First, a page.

by Charles Woolfson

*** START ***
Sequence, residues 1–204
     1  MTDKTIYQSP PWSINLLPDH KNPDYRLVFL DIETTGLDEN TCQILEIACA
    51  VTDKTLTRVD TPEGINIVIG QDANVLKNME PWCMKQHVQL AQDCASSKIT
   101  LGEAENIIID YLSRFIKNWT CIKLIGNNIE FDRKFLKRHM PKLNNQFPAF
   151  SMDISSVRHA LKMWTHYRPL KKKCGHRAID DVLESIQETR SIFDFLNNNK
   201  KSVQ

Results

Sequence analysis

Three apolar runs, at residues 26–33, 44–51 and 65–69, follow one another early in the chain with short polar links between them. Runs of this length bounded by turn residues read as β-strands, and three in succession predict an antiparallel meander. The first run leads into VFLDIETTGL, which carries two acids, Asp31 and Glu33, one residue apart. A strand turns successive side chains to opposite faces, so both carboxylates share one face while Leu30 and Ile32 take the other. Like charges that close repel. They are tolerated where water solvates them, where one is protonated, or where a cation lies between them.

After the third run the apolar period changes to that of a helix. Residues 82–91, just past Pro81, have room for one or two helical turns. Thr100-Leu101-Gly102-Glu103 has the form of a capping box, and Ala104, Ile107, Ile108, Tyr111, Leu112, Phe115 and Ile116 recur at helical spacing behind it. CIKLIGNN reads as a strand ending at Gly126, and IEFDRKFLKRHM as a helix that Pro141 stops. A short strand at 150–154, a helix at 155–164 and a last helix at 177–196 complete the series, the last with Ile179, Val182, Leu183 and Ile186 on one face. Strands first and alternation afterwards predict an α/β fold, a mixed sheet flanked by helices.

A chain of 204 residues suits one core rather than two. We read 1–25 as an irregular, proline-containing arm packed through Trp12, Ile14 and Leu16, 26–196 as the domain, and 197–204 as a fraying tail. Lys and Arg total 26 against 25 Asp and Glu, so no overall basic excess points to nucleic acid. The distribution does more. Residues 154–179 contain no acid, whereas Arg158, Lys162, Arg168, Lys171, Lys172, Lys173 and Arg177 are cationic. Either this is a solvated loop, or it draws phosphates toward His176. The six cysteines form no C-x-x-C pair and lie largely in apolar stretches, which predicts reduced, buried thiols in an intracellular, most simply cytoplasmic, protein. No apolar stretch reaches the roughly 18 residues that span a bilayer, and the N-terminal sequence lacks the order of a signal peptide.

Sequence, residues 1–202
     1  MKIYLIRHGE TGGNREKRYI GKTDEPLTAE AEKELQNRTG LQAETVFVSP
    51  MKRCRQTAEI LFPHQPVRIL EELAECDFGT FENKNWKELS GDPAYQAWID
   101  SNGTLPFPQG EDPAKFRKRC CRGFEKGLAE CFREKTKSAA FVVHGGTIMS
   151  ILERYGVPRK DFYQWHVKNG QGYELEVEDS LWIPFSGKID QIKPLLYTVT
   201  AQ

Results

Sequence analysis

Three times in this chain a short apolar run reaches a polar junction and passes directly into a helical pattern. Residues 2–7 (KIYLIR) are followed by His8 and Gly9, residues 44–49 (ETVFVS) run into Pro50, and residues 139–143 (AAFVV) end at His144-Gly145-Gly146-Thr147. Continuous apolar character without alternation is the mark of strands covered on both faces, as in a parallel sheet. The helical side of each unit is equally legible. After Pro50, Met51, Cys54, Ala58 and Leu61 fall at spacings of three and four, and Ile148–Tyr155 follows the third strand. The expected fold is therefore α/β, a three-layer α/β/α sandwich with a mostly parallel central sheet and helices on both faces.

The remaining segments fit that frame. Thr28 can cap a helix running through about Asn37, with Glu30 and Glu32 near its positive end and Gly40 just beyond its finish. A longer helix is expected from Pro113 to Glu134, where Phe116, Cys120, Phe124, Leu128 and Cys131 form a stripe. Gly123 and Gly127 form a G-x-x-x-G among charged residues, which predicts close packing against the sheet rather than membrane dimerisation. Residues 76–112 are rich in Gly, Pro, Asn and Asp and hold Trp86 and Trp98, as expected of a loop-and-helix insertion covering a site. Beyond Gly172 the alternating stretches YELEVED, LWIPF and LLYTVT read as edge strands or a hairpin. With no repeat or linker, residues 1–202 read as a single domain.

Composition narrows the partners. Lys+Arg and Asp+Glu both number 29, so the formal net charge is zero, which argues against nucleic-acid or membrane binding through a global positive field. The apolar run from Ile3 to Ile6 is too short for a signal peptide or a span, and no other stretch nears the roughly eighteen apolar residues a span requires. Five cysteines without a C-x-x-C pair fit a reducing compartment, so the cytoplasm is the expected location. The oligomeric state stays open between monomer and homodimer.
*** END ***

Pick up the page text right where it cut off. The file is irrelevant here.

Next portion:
One of Britain’s most celebrated entrepreneurs and an avid supporter of Brexit in the business community, the inventor Sir James Dyson, has argued that World Trade Organization tariffs are not a barrier to financial success or profitable trading with Europe, nor have they prevented his technology company from achieving record financial results. As Sir James put it, the tariffs were “tiny penalty to pay” compared to other taxes such as corporation tax (The Guardian, 27 March 2017). Dyson’s announcement of new investment of 2.5 billion pounds, in order to build a research and development campus in the UK has been enthusiastically welcomed by Theresa May as an example of investor confidence in the Britain’s post-Brexit prospects. Less publicized is the announcement that Dyson is also to invest in Singapore, not just in new production facilities, but in associated R&D employing high skill graduates.